# Additive basis

*for the natural numbers*

A set $B$ of non-negative integers is called an additive basis of order $h$ if every non-negative integer may be written in at least one way as a sum $b_1+\dots+b_h$, with all $b_i\in B$. One is usually only interested to represent in such a way all sufficiently large positive integers and speaks then of an asymptotic additive basis. For example, the set of squares is an asymptotic additive basis of order $4$ (Lagrange's theorem). Most of the results about asymptotic additive bases deal with the existence of "thin" bases, for various meanings of the word thin.

For a given set $B\subseteq\mathbf N$ one writes $r_{B,h}(x)$ for the number of representations of the non-negative integer $x$ as a sum of $h$ terms from $B$, the order of addition being insignificant. A well-known theorem of P. Erdős [a1] claims that there is an asymptotic basis $B$ with

$$C_1\log x\leq r_{B,2}(x)\leq C_2\log x,\label{a1}\tag{a1}$$

when $x$ is sufficiently large. It is an open problem (as of 2000) if one can have a basis with $r_{B,2}(x)=o(\log x)$. The famous Erdős–Turán conjecture states that, for any asymptotic basis $B$ of order $2$, the sequence $r_{B,2}(x)$, $x\in\mathbf N$, cannot be bounded.

Erdős' construction is probabilistic. He shows that if one takes the integer $x$ to be in $B$ with probability $K(\log(x)/x)^{1/2}$, for a sufficiently large positive constant $K$, then with probability $1$ the set $B$ is an asymptotic basis satisfying \eqref{a1} for suitable constants $C_1$ and $C_2$, for all but finitely many positive integers $x$. See also [a5] for a modified probabilistic construction which can be derandomized to yield a polynomial-time algorithm for the determination of such a basis up to any desired integer $n$.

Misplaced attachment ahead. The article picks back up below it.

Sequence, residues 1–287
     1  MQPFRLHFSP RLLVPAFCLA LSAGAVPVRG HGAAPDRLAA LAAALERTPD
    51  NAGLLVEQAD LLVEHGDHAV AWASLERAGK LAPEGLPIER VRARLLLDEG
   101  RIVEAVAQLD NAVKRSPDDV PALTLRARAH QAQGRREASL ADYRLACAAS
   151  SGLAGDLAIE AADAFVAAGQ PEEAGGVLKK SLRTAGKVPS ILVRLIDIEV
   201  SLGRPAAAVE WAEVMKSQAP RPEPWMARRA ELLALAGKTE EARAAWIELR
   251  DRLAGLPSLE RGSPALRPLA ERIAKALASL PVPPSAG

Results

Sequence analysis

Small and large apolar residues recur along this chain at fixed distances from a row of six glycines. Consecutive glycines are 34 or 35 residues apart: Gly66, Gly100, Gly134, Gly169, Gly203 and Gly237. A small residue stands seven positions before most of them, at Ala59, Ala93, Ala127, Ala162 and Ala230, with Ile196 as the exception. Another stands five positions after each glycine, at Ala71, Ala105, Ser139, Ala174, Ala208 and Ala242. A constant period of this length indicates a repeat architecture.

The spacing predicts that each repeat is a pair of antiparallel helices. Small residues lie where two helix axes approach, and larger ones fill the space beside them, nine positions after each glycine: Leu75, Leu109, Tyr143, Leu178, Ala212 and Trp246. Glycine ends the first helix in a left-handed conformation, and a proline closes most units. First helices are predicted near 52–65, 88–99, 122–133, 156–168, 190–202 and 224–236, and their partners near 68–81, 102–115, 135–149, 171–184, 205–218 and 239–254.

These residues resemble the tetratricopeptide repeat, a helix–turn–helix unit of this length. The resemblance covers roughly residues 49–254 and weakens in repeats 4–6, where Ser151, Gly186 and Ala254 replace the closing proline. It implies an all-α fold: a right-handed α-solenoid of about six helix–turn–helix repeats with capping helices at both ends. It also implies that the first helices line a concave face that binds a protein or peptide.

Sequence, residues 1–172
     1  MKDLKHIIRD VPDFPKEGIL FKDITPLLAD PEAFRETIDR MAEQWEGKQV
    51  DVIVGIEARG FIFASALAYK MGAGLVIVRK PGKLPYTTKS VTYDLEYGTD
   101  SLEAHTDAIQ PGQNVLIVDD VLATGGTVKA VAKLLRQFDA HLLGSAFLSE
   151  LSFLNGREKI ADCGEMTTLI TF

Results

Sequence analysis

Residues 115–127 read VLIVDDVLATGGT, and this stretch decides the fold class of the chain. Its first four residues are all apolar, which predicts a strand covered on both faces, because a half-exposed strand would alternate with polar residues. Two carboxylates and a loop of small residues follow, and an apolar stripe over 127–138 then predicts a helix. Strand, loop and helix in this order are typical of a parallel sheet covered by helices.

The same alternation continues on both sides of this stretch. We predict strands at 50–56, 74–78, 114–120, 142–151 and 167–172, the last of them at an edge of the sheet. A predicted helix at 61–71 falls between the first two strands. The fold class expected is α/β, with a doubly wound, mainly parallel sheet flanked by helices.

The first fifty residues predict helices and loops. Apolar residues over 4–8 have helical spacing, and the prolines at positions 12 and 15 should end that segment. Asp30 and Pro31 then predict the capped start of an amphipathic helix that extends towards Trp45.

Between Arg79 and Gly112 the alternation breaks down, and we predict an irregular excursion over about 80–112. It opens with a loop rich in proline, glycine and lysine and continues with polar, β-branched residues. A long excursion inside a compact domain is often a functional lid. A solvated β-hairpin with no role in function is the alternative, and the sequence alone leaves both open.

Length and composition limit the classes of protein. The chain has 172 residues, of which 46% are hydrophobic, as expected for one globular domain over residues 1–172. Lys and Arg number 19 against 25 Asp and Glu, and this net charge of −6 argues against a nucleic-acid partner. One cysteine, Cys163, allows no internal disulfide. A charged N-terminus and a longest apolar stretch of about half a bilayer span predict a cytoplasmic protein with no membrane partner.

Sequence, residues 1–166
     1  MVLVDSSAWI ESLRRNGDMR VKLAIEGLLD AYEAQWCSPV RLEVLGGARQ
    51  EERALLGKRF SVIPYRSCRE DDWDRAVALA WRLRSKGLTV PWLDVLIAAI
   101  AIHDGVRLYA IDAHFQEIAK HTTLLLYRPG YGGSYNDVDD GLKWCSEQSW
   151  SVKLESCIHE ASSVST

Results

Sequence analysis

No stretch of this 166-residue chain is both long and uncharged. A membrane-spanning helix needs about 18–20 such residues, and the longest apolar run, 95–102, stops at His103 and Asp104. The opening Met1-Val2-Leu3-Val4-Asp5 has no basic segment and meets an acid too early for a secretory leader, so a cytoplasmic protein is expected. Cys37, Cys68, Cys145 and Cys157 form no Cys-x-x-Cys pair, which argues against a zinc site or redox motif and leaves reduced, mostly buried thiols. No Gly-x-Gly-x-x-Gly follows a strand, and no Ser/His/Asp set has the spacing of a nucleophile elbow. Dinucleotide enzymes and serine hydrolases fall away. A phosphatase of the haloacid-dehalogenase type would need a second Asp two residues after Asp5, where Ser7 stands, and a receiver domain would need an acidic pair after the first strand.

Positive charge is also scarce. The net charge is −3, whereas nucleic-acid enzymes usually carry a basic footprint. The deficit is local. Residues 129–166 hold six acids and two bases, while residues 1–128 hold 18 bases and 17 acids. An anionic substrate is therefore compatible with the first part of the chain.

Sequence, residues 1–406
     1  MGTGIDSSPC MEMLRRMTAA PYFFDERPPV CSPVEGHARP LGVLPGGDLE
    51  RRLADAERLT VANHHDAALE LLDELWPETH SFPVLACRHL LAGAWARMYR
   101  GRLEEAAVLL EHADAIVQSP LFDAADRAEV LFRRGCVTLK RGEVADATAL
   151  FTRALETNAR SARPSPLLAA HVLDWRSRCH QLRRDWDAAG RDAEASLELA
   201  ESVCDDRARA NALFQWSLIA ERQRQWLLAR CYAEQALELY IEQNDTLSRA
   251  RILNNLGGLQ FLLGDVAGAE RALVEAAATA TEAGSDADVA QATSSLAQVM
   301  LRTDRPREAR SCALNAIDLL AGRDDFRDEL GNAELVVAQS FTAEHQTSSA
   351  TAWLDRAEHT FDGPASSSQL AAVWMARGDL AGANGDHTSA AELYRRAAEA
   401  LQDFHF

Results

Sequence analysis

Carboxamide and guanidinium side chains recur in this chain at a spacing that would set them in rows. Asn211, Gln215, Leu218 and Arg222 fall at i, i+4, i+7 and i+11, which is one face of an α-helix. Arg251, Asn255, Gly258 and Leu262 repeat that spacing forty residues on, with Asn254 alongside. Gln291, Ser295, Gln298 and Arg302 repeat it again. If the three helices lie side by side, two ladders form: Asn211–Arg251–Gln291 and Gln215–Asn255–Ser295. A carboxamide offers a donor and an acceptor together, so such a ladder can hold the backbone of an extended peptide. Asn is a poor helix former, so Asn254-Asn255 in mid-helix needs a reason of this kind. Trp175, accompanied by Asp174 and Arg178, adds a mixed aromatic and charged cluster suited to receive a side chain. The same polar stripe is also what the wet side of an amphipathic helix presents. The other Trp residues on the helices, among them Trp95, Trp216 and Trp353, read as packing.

Erdős' result was subsequently extended [a2] to bases of order $h>2$, where the obstacle of having the random variables $r_{B,h}(x)$ no more independent for different $x$ was removed with the help of Janson's inequality [a3]. Janson's inequality has also been used by J. Spencer [a6] to prove that one may take a small subset $A$ of the squares, of size $|A\cap[1,x]|\leq Cx^{1/4}\log x$ which is still an asymptotic additive basis of order $4$.

Another measure for a basis being small is that of minimality. An asymptotic additive basis of order $h$ is called minimal if it has no proper subset that is an asymptotic additive basis of the same order. Such bases are known to exist for all $h$. For example, in [a4] it is proved that for every $h$ and every $\alpha<1/h$ there exists a minimal asymptotic basis of order $h$ and with counting function of the order $x^\alpha$.

#### References

[a1] | P. Erdős, "Problems and results in additive number theory" , Colloque sur la Théorie des Nombres (CBRM, Bruxelles) , G. Thone (1955) pp. 255–259 |

[a2] | P. Erdős, P. Tetali, "Representations of integers as the sum of $k$ terms" Random Struct. Algor. , 1 : 3 (1990) pp. 245–261 |

[a3] | S. Janson, "Poisson approximation for large deviations" Random Struct. Algor. , 1 : 2 (1990) pp. 221–229 |

[a4] | X.-D. Jia, M.B. Nathanson, "A simple construction for minimal asymptotic bases" Acta Arith. , 52 : 2 (1989) pp. 95–101 |

[a5] | M. Kolountzakis, "An effective additive basis for the integers" Discr. Math. , 145 (1995) pp. 1–3; 307–313 |

[a6] | J. Spencer, "Four squares with few squares" , Number Theory (New York, 1991-1995) , Springer (1996) pp. 295–297 |

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Additive basis.

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